Yawwwn. Didn’t get enough sleep last night? Me neither. And we’re not alone. An estimated 50–70 million Americans struggle with sleep disorders. Ideally, adults should get a solid seven to eight hours of sleep each night, and with all we try to pack into a 24-hour day, many of us come up short.
How Sleep Affects Health
But what’s the big deal? With so much to do and so little time, isn’t it great if we can take advantage of as many waking hours as possible? Actually, no.
According to the CDC (Centers for Disease Control and Prevention), our collective lack of sleep is a public health problem. Insufficient Zs play a role in automobile accidents, industrial disasters, and occupational and medical errors. (Note to self: If your surgeon is yawning, you may want to ask how they slept last night before going under the knife.)
Beyond these obvious dangers, lack of sleep can contribute to numerous psychological and physiological problems, including depression, irritability, memory loss, depleted sex drive, and lack of productivity. Poor sleep can be a factor in chronic diseases such as hypertension, diabetes, and obesity.
Conversely, catching plenty of Zs has numerous benefits, including stress reduction, increased creativity and productivity, and improved mental sharpness and memory. A healthy sleep habits can help you lose weight, reduce inflammation in the body, improve athletic performance and recovery, and keep you looking younger. The bottom line: quality sleep is critical to overall quality of life.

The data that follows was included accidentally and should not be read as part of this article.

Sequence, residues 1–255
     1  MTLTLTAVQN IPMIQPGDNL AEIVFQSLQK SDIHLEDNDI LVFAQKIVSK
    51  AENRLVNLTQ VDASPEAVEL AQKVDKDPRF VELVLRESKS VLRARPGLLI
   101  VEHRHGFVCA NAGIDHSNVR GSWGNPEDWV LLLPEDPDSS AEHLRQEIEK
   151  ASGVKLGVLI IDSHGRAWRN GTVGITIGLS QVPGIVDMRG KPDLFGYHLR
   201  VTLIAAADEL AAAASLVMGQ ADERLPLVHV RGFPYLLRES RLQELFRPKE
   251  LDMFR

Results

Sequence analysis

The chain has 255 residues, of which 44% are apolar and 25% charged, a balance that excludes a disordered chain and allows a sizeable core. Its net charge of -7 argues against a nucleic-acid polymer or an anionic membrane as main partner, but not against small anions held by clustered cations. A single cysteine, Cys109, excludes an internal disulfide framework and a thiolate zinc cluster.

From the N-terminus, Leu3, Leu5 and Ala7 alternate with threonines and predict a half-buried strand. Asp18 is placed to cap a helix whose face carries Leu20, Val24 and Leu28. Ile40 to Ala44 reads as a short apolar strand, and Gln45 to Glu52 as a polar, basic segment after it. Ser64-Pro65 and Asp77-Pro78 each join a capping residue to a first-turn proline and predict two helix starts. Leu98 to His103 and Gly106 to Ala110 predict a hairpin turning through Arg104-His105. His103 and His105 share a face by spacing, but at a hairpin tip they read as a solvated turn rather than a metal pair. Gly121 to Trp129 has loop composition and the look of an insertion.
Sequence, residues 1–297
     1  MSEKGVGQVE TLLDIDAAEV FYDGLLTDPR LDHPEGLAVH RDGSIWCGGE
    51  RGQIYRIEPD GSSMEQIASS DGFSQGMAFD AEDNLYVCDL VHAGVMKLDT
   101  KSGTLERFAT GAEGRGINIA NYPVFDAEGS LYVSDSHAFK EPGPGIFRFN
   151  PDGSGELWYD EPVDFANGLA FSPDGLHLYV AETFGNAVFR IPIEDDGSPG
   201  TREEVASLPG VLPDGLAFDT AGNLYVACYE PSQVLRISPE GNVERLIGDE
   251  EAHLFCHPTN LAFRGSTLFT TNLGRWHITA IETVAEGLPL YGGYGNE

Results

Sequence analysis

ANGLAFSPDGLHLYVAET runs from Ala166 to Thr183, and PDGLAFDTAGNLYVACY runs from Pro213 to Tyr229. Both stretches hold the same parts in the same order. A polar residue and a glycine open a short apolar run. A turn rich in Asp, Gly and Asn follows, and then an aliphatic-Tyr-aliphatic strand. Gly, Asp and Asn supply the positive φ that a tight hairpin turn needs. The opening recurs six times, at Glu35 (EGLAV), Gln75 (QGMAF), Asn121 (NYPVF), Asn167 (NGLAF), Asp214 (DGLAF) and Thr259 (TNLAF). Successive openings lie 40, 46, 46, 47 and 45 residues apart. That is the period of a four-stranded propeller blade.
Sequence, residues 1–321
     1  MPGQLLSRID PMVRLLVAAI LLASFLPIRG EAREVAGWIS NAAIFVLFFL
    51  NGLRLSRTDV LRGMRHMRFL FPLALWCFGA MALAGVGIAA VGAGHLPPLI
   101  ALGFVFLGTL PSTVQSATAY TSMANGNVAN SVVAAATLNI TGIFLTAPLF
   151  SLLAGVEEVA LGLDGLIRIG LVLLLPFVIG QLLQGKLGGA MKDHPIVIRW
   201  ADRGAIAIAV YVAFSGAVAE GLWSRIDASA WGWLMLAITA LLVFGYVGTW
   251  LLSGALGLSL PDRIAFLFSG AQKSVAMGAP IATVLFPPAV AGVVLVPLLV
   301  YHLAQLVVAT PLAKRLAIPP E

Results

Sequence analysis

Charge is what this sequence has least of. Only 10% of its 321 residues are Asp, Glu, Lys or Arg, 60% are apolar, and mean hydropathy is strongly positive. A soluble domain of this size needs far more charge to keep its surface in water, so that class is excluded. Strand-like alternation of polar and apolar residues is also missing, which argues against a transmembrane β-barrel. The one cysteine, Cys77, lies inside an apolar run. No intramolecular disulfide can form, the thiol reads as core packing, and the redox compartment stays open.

The How-Tos of Better Sleep
Clearly, we need to prioritize our sleep. Let’s explore a number of ways to achieve better sleep habits and sleep hygiene (yes, that’s a thing), naturally.
Create a Calming Pre-Sleep Routine
Think of the 30-60 minutes before bedtime as prep for the sweet sleep that’s sure to follow. Create a routine that calms your body and mind. Try one or more of these:
- Take a warm bath or shower
- Listen to music or a guided imagery podcast
- Avoid stressful activities such as work or emotionally-charged conversations (when stressed, the body secretes cortisol, which is associated with alertness)
Sleep When Sleepy
Go to bed when you’re tired, but don’t try to force it. If you can’t sleep after 20 minutes of tossing, get up and do something else relaxing (take a bath, read, or listen to music) until you feel tired.
Create a Comfy Sleep Space
Boost your bedroom’s sleep-ability with these tips:
- Make sure that your bed, bedding, pillows and PJs are all comfortable
- Keep the temperature on the cool side, and the room well ventilated
- Banish TV and tech devices from the bedroom
- If your room is loud, try sleeping with earplugs
- Try blackout curtains to block unwanted light
- Devote your bedroom solely to sleep and sex. Don’t work, watch TV, eat, or pay bills in bed.
Kick the Clock
If you tend to stare at the clock when you’re trying to sleep, either turn it around or get rid of it altogether. Likewise, if you wake in the middle of the night, don’t check the time—seeing that it’s 3:00 a.m. will only cause you to stress, rather than fall back asleep. Instead, use your phone as an alarm clock. Just be sure to switch it to vibrate (so that notifications don’t keep you awake) and keep it face down (to avoid seeing the time or being bothered by the light).
Blue Light, Be Gone
Melatonin is a hormone naturally produced in our bodies that aids in sleep, and which begins being released a few hours before bedtime. Blue light (the light emitted from television screens and tech devices) has a negative impact on melatonin. Therefore, try your best to avoid exposure to blue light after 8:00 p.m. That means no computer, TV, handheld devices, or cell phone. It’s a big ask, but truly, nothing life-changing is likely to happen on social media that won’t still be available for viewing in the morning (and your improved sleep will be well worth the sacrifice). If you simply can’t kick your late night gadget habit, try dimming the screen or consider eyeglasses specifically tinted to block blue light.